Preserving one’s health is a key aspect to the study of Chinese philosophy and traditional medicine.
And Xianyang, a city in Shaanxi province, is positioning itself as ‘the capital of health’ by promoting traditional Chinese therapies that focus on the concept of “Yangsheng” or health preservation, rehabilitation and a healthy lifestyle.
With a museum dedicated to the history of traditional medicine, as well as a handful of prestigious medical schools locally, the provincial city guards its reputation proudly.
But there is a problem: local authorities know that Xianyang, China’s capital for 140 years during the Qin Dynasty, is also suffering from a reputation as a haven for counterfeiters of traditional Chinese medicine.
The counterfeit groups are concentrated in the unassuming tower blocks near the city’s train station, Time Weekly reports.
From these dark and often empty buildings, the groups conduct their day-to-day business, including dissemination of promotional leaflets to nearby clinics, hospitals and retailers.
Each office is usually fronted by a couple of female staffers – the real bosses are rarely seen on site. But by early afternoon,there are dozens of rickshaws and scooters carrying boxes down to the station, as the fake products begin their journey across China by train.
The counterfeit drug trade is supported by extensive networks, from the printers of the forged labels, stamps and licences through to the issuers of authorised receipts. Distribution could extend across as many as 20 provinces, reckons Time Weekly.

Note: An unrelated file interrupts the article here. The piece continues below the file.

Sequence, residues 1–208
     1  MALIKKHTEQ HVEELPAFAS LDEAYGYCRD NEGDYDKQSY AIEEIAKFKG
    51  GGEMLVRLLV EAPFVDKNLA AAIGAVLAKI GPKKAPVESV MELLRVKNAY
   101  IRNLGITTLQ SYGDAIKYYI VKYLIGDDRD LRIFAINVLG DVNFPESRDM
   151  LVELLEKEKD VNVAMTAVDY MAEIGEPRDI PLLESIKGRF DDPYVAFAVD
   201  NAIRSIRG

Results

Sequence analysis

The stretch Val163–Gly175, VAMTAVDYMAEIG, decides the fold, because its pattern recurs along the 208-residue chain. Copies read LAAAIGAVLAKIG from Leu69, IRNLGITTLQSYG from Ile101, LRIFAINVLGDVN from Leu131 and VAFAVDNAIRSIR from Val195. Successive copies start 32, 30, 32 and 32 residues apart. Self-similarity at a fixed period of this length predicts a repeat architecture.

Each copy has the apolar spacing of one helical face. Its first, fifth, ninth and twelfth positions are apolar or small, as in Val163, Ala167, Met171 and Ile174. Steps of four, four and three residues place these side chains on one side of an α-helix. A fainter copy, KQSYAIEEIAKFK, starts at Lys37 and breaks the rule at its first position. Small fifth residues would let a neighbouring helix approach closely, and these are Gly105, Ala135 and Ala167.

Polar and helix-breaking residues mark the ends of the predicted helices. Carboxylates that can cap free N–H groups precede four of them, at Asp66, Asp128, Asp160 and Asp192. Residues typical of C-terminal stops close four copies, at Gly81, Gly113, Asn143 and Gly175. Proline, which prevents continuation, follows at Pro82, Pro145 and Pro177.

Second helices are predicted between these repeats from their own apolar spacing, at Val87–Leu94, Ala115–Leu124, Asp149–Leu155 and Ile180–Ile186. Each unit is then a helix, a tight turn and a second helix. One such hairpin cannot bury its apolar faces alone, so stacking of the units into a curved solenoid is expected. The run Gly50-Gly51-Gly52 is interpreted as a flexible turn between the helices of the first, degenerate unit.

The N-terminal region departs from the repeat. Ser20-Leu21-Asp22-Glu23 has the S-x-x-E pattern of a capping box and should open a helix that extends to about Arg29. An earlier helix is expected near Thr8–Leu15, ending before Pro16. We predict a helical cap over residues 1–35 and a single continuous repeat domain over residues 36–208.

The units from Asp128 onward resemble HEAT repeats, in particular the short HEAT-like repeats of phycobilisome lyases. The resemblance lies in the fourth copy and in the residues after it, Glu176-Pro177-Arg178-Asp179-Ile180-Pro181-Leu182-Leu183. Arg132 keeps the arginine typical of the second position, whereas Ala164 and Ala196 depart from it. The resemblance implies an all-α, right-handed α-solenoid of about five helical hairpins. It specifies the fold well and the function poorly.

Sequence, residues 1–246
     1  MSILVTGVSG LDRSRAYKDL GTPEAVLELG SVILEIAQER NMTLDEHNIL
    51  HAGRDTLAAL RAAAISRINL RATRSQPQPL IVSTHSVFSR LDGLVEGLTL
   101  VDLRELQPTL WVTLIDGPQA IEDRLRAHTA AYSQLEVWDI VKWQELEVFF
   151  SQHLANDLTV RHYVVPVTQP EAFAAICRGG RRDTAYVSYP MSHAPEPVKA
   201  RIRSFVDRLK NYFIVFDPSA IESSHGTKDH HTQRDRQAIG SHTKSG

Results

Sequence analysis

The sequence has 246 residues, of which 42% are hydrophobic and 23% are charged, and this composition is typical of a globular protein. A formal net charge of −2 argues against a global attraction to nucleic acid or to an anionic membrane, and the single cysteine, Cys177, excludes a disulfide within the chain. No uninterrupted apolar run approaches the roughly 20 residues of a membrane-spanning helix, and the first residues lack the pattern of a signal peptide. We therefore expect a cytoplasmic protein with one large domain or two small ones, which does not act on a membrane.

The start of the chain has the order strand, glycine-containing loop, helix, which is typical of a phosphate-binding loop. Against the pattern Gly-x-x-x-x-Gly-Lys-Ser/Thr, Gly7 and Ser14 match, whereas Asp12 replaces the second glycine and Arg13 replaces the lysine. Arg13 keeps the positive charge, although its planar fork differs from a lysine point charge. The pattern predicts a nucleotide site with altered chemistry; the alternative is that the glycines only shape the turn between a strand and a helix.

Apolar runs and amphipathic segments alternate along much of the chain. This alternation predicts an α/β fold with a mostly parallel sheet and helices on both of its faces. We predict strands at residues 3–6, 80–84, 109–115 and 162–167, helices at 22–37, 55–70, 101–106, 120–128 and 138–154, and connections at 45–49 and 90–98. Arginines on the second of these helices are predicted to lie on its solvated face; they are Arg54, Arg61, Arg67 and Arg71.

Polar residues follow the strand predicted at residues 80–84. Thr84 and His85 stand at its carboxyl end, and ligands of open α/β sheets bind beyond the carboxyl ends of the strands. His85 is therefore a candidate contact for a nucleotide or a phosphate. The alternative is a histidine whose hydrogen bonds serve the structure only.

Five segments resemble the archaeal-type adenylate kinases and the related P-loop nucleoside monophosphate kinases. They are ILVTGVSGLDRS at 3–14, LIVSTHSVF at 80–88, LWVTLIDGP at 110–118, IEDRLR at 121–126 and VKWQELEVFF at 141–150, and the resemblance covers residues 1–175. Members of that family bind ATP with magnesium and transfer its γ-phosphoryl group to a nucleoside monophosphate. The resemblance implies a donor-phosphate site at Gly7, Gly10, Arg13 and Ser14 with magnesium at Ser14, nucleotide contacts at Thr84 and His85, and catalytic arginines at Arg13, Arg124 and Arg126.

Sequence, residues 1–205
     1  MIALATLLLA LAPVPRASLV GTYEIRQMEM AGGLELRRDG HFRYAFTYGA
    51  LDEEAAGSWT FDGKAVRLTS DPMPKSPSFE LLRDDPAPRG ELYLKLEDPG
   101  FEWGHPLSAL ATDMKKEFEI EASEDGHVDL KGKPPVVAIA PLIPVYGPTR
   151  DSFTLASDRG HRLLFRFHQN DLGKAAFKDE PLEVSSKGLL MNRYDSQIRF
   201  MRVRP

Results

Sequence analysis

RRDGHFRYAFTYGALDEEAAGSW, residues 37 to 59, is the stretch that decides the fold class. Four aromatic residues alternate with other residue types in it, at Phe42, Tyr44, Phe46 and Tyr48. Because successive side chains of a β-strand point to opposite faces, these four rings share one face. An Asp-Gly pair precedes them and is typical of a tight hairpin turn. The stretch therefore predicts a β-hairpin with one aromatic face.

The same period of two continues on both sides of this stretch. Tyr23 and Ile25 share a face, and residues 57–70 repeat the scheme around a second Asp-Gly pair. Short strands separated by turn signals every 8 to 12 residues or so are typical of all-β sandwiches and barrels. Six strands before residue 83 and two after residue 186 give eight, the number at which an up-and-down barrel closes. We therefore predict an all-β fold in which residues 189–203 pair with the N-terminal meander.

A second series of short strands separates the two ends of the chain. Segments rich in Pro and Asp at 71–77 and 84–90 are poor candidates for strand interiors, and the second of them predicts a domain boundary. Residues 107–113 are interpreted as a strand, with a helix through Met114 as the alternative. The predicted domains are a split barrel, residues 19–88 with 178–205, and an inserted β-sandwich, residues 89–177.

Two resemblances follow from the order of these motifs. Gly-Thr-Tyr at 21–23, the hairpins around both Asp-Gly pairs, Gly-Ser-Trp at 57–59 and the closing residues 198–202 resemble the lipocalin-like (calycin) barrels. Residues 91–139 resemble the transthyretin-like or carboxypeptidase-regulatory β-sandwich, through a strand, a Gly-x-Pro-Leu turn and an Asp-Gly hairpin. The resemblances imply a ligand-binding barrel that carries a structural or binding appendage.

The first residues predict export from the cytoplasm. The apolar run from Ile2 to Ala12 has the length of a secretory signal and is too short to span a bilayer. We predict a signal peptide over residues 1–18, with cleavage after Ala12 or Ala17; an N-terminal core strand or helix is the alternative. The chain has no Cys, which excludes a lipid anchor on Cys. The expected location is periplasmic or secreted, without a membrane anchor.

Questions of morality aside – that is to say, knowingly selling useless cures to those in need of real ones – the thriving nature of the industry is no great revelation.
WiC has written extensively about China’s counterfeit culture. And traditional Chinese medicine suffers from shortfalls similar to those which have seen anything from high-end handbags to the latest Harry Potter get the fake treatment.
Blame lax regulation, weak coordination of supervisory responsibilities between the national and regional governments, poor product transparency and a general lack of public awareness and understanding of intellectual property rights.
Since entering the World Trade Organisation, China has tried to stiffen regulations, as well as strengthen law enforcement in cases in which the regulations have been breached.
And last month, 13 departments under the State Council formed a special task force to crack down on the fake drugs industry, with a focus on targeting the promotional activities of counterfeiters on the internet and other delivery channels.
Nevertheless, the execution of a former head of the State Food and Drug Administration, Zheng Xiaoyu, for accepting bribes from pharmaceutical companies two years ago, serves as a reminder that the problems run to the highest levels of government. They won’t be fixed overnight.
But at least the authorities aren’t alone in battling against the forgers.
A Shanghai native by the name of Gao Jinde has devoted all his time to the crackdown on knock-offdrugs, after becoming sick from taking faulty medicine.
Between 2004 and 2007, Gao reported 105 cases of counterfeit drugs to the authorities.
Apparently, Gao is so feared in the fake drug business that the counterfeiters have circulated a photo of their tormentor, in order to best avoid him.
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